protected void paintVertices(){
         //code to pain vertices
share|improve this answer

If You have common functinality and properties to share between child classes and at the same time the class itself is too abstract to have instance, it will be good practice to use abstract class. If no I will prefer to use interfaces.

share|improve this answer

In general, yes. It is always good practice to use the least specific type necessary. This applies in to concrete super classes, too, not just abstract classes and interfaces.

public class MyClass{} // not an interface and not abstract
public class SubClass extends MyClass{}

public class OtherClass{
    public MyClass getMyClass(){
         return new SubClass();

In practice, it depends on the situation. If everything is contained within the scope of say one method, it really doesn't matter.

public void doStuff(){ // void method, so never going return any details
   AbstractFoo foo1= new ConcreteFoo();
   // no better than
   ConcreteFoo foo2 = new ConcreteFoo();
   // because nothing external to this method will ever know 

However, the reason behind having developers always use the least specific implementation (or interface) is to just make it a habit.

share|improve this answer

Answer depends on your context.


 // Abstract class template
abstract class AbstractFirst {
  public void doSomething(){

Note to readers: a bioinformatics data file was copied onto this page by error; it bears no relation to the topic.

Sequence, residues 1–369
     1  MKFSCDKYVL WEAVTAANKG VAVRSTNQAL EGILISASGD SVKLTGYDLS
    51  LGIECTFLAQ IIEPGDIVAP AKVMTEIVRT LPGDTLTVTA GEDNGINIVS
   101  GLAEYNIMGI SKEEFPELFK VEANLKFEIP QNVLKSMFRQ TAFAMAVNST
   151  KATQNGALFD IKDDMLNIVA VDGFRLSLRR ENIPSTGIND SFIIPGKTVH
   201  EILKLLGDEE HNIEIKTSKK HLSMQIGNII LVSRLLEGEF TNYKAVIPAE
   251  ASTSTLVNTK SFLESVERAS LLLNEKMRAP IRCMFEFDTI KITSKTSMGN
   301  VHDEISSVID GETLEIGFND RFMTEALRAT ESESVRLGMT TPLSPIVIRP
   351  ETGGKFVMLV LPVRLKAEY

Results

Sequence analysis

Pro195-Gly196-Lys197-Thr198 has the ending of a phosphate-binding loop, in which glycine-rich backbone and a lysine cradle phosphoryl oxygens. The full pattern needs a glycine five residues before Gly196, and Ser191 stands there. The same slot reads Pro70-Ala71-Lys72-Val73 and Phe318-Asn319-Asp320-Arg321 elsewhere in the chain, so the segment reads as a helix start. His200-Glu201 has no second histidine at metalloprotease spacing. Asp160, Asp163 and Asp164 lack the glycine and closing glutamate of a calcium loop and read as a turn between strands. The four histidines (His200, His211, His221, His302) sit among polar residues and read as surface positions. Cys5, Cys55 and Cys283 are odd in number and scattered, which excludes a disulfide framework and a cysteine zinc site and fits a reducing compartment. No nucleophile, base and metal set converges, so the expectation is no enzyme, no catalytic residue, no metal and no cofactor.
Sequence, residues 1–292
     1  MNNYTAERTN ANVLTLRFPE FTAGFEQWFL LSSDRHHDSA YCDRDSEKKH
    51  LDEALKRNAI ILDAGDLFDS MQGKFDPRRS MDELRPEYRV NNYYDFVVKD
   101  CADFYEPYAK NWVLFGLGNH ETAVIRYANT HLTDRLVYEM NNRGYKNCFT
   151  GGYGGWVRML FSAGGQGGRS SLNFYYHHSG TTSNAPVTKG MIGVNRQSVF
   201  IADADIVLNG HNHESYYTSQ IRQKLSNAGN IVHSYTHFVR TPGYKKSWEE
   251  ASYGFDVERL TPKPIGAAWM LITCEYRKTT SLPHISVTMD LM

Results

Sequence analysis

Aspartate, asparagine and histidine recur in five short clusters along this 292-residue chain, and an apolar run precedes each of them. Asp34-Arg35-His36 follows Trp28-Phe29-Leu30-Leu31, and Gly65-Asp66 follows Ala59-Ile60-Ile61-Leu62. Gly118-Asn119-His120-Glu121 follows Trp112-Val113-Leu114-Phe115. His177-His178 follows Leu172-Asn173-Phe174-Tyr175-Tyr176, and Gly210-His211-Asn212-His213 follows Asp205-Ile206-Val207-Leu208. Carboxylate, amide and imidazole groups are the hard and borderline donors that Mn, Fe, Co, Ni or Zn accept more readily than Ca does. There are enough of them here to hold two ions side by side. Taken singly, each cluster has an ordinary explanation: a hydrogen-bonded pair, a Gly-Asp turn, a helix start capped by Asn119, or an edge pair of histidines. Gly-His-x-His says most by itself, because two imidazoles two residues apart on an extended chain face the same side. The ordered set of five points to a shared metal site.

public abstract void doOne();
   public abstract void doSecond();

// Concrete implementation
class ConcreteFirst extends AbstractFirst {
   public void doOne(){System.out.print("One"); }       // must be implemented
   public void doSecond(){System.out.print("Second"); } // must be implemented

   public static void main(String[] args){
       ConcreteFirst cf = new ConcreteFirst();

This prints


to console. This is not possible with Interfaces. This pattern is called "Template method pattern" and is one of the GoF Patterns

share|improve this answer
I think the question was referring to declaring an object as an instance of an abstract class, i.e. AbstractFirst af = new ConcreteFirst(); not whether interfaces should be used instead of abstract classes. – Holloway May 29 '14 at 15:27

Polymorphism is a feature of the Java language and a paradigm in OOP that applies to classes which represent the behavior and interfaces without it. And it's available to classes or interfaces that implement it either ordinary classes or abstract classes which can contain the default implementation. Polymorphism is possible due the inheritance where the methods with the same name and signature override the methods of the parent classes or interfaces and where the parent object hold the reference to the subclass instance. Interfaces cannot have the implementation but there's a polymorphism between interfaces where the methods can override the methods of the parent interfaces. The same applies to the classes and implemented interfaces. An abstract class can be treated like an interface the difference is only the interface is a pure virtual class but an abstract class is partially virtual, because it can contain the implementation of some methods. As I said above the polymorphism works not only with them but with classes too.

Regarding to your question there's not such opinion that say it's a bad practice to use polimorphism, it's a good practice to use it where it applies, but it depends on usecases where you define the requirements for the classes to be pure virtual aka interfaces.

share|improve this answer

As to my experience, abstract class always contains partial implementation of some interface. This is the case for EJBs, for example. Its a better design to keep API and its implementation separate, even partial. So Id recommend make an interface and an abstract class. But for references use interface rather then abstract class.

share|improve this answer